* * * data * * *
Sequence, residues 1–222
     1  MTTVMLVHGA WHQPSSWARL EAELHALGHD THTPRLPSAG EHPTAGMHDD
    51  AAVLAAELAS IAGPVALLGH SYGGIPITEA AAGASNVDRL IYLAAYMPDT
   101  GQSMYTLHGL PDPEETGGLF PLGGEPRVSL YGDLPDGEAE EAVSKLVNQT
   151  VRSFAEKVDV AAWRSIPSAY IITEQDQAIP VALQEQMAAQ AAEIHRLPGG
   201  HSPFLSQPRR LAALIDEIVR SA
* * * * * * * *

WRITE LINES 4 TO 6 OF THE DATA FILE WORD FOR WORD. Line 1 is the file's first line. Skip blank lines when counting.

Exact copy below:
   101  GQSMYTLHGL PDPEETGGLF PLGGEPRVSL YGDLPDGEAE EAVSKLVNQT
   151  VRSFAEKVDV AAWRSIPSAY IITEQDQAIP VALQEQMAAQ AAEIHRLPGG
   201  HSPFLSQPRR LAALIDEIVR SA